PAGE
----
Anne Robinson, Karen Saxby
`This groundbreaking study provides a much-needed philosophical framework for those practising mindfulness as well as a call to recover the pragmatic and therapeutic dimensions of philosophy.' - Stephen Batchelor, author of After Buddhism and Secular Buddhism
Modern readers tend to think of Buddhism as spending time alone meditating, searching for serenity. Stoicism calls to mind repressing our emotions in order to help us soldier on through adversity. But how accurate are our popular understandings of these traditions? And what can we learn from them without either buying in wholeheartedly to their radical ideals or else transmuting them into simple self-improvement regimes that bear little resemblance to their original aims?
How can we achieve more than happiness?
In More than Happiness, Antonia Macaro delves into both philosophies, focusing on the elements that fit with our sceptical age, and those which have the potential to make the biggest impact on how we live. From accepting that some things are beyond our control, to monitoring our emotions for unhealthy reactions, to shedding attachment to material things, there is much, she argues, that we can take and much that we'd do better to leave behind.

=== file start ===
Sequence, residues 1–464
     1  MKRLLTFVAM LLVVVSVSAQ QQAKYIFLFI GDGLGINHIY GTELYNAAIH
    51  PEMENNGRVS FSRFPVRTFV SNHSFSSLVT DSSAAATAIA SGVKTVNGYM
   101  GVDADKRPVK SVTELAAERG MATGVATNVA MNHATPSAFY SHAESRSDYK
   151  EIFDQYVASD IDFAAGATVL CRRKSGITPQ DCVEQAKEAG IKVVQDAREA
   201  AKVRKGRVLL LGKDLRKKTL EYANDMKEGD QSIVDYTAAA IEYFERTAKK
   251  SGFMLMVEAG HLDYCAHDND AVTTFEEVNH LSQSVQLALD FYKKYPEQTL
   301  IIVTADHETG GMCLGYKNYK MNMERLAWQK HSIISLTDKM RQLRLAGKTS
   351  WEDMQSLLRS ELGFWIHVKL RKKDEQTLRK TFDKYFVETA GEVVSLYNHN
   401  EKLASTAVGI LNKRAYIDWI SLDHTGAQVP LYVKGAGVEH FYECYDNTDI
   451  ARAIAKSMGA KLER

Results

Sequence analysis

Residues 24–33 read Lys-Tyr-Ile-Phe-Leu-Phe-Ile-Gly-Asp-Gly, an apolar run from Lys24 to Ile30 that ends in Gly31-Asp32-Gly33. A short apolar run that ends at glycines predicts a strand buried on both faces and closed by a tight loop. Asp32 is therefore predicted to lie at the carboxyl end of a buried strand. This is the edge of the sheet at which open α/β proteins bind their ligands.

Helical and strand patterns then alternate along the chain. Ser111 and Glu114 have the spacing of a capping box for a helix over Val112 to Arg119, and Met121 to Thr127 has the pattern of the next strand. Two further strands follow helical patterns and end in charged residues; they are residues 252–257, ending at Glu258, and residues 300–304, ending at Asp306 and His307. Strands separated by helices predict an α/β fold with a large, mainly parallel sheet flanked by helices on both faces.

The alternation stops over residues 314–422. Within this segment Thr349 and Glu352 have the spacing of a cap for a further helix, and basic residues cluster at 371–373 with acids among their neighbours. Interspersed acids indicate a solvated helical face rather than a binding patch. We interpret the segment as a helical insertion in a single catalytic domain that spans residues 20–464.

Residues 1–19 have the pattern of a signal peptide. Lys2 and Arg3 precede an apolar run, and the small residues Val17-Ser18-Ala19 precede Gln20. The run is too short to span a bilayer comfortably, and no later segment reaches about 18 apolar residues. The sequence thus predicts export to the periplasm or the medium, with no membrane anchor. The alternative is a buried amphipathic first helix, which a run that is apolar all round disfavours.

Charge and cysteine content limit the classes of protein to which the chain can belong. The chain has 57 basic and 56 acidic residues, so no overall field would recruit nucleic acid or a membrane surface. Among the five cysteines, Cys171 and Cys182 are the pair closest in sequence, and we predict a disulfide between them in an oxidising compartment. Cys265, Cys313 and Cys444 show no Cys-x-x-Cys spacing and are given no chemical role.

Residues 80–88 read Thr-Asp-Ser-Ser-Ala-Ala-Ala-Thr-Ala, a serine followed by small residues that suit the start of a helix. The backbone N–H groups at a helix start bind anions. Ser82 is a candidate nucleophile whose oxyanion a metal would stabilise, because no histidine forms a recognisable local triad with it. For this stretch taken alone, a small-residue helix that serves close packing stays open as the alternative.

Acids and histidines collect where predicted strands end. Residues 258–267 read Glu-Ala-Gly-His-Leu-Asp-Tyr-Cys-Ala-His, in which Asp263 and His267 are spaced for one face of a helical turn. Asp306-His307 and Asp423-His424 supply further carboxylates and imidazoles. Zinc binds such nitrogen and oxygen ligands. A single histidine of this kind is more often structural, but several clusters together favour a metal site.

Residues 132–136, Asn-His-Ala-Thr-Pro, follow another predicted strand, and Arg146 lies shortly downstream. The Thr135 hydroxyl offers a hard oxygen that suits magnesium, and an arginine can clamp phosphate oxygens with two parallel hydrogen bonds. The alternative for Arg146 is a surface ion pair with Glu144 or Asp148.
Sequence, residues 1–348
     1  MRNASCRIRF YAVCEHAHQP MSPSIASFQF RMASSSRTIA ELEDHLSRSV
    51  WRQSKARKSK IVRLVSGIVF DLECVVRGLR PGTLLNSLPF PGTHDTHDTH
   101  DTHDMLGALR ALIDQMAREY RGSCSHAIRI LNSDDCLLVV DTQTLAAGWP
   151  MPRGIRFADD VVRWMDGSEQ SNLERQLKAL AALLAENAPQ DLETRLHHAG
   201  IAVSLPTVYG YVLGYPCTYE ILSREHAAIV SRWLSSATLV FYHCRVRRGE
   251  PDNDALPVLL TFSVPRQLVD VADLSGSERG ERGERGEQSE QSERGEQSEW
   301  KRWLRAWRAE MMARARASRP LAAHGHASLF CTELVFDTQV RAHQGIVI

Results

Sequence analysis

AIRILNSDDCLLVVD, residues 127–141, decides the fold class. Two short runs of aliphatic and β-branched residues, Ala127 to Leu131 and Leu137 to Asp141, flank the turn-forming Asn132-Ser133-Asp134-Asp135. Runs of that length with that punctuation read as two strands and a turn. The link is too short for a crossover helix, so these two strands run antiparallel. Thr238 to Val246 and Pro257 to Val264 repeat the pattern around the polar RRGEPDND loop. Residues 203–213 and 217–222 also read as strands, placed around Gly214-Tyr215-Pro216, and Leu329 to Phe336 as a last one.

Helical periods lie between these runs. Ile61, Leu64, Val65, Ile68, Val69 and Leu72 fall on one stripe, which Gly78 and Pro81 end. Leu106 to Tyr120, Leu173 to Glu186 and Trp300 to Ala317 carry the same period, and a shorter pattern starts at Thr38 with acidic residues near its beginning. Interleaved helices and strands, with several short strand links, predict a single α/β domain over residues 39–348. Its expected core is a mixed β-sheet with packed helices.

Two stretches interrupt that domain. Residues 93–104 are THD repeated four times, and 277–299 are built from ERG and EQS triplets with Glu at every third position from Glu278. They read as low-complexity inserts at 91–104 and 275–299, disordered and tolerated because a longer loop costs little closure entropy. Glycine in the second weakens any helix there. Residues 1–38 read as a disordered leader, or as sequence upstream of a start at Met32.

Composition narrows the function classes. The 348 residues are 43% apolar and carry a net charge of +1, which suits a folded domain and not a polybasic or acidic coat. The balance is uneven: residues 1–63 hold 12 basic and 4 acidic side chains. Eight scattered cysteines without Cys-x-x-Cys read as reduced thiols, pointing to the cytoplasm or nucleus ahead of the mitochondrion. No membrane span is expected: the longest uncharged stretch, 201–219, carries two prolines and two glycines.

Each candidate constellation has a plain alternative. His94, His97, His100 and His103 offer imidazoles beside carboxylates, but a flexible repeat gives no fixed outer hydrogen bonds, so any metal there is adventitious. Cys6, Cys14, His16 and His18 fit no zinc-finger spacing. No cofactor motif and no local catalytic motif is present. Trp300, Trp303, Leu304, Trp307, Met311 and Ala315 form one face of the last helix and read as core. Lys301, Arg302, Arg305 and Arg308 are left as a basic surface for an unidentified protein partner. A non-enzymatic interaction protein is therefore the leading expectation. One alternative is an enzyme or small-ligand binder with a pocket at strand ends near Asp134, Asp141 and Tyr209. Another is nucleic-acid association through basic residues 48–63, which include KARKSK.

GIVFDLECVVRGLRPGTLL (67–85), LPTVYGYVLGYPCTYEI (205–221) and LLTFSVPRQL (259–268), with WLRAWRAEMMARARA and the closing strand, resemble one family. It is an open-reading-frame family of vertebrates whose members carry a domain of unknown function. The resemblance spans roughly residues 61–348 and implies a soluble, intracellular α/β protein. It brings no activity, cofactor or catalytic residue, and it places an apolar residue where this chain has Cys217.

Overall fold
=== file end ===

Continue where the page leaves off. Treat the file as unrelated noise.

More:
In this synthesis of ancient wisdom, Macaro reframes the `good life', and gets us to see the world as it really is and to question the value of the things we desire. The goal is more than happiness: living ethically and placing value on the right things in life.